Leavenworth County judge denies sexual misconduct claims
Leavenworth County District Court Judge Frederick N. Stewart, who faces an investigation surrounding alleged sexual misconduct against a former administrative assistant, denied the allegations Tuesday.
In a written response to the notice of formal proceedings, sent by the Kansas Commission on Judicial Qualifications, Stewart "denies that he has engaged in any conduct that violates Canon 1 or Canon 2 of the Rules of the Supreme Court of Kansas relating to judicial conduct as alleged in Count 1 of the Notice of Formal Proceedings."
Stewart's response came through his counsel, Basehor attorney Michael Gibbens.
Gibbens wrote there was no credible evidence to support sexual harassment allegations against Stewart.
For instance, Gibbens wrote, "Some of the alleged physical conduct that is alleged to have occurred in the parking lot of the Leavenworth County Justice Center in broad daylight and said parking lot that is frequented by many courthouse employees and acquaintances. In spite of this exposure, complainant's allegation in this respect has not been corroborated by any source independent of the complaining witness."
Gibbens also wrote that many attorneys and employees of the judicial system who had access to Stewart's chambers, while they frequently saw the complainant in his Stewart's office, reported that his door always was open. And no one has reported they ever heard or saw Stewart take any action or say anything in the complaitant's presence that was believed to be sexually offensive.
Stewart's response also raised questions about the former employee's credibility.
Gibbens wrote that the complainant was addicted to alcohol and prescription narcotics and was forced to enter an inpatient treatment program.
Despite the allegations raised in the complaint, the employee did not complain to a district judge or the judicial administrator or anyone else with supervisory authority for roughly nine years of employment, Gibbens wrote.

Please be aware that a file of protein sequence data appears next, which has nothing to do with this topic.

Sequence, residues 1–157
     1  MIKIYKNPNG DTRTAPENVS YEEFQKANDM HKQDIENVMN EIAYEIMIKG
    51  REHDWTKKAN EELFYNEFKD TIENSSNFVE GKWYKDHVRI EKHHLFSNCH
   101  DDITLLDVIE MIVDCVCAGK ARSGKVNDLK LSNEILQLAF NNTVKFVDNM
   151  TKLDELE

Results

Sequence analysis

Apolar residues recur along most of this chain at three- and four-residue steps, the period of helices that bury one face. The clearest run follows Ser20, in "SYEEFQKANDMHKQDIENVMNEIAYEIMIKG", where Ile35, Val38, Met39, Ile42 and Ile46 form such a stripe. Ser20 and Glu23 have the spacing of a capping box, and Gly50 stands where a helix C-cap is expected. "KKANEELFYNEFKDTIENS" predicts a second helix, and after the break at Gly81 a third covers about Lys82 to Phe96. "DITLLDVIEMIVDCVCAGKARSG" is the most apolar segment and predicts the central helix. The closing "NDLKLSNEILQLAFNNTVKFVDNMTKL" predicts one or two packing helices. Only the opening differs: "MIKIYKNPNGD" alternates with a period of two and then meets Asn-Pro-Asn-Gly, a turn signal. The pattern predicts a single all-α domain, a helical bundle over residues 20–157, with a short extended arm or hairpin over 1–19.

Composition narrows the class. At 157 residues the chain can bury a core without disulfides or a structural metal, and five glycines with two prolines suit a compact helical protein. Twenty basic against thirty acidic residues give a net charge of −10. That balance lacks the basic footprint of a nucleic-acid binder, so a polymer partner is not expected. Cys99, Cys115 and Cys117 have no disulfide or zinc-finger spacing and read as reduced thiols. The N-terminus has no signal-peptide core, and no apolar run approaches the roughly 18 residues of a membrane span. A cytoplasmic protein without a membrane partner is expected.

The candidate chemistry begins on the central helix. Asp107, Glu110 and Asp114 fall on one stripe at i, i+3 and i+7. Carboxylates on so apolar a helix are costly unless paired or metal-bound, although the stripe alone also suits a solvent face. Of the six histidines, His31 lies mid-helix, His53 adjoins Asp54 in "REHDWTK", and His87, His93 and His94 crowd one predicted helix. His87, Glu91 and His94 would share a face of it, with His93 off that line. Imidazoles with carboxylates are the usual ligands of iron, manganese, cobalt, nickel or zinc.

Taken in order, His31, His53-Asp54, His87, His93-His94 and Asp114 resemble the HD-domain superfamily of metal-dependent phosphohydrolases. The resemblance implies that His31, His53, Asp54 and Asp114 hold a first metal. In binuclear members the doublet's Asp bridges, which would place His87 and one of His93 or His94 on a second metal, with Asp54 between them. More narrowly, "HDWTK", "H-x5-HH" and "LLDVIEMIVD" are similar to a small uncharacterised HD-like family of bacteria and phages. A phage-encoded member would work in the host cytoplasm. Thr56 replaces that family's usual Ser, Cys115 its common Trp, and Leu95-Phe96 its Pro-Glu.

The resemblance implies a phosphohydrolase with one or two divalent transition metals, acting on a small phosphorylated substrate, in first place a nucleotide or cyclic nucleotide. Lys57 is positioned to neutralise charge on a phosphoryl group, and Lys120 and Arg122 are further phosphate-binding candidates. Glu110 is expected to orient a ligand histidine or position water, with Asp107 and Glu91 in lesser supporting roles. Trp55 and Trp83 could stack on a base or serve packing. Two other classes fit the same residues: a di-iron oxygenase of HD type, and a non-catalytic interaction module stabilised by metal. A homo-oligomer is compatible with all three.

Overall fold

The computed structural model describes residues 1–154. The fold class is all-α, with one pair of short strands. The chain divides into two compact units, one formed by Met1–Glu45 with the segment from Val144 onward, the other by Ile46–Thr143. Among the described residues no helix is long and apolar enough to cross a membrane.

According to Stewart's response, the employee also had some credit card bills mailed to the Justice Center in Leavenworth to conceal them from her spouse, and conversations she and her spouse had with others indicated they expected a financial reward from the allegations she made against Stewart.
There was unwelcome conduct from the administrative assistant, Gibbens reported. The employee, Gibbens said, was seen and heard by various females, including attorneys, openly initiating and engaging in flirtatious acts with Stewart and others and frequently telling sexually explicit jokes in mixed company, including with Stewart.
Termination and oversight duties
Allegations filed in the formal complaint also accused Stewart of shirking his oversight duties related to administrative treatment of the aide, who was fired in December after being employed with the court for more than 12 years.
Stewart's response states the administrative assistant's duties were changed in 1998 after the Kansas Legislature authorized the creation of three new district court judge positions within the state, one of which was for Leavenworth County's First District. Shortly after that, an administrative assistant and court reporter were authorized to serve the new judge. Judges then split duties between the two district court divisions. And later, a third judge and division were added, so Stewart was not the aide's sole supervising judge.
In addition, Chief Judge David King terminated the assistant's employment, not Stewart, the response states. Termination of employment was for cause: She had been charged with aggravated battery, a felony; domestic battery and disorderly conduct; both misdemeanors.
Stewart has been on the bench since 1977.
A Commission on Judicial Qualifications hearing for Stewart has not yet been set.
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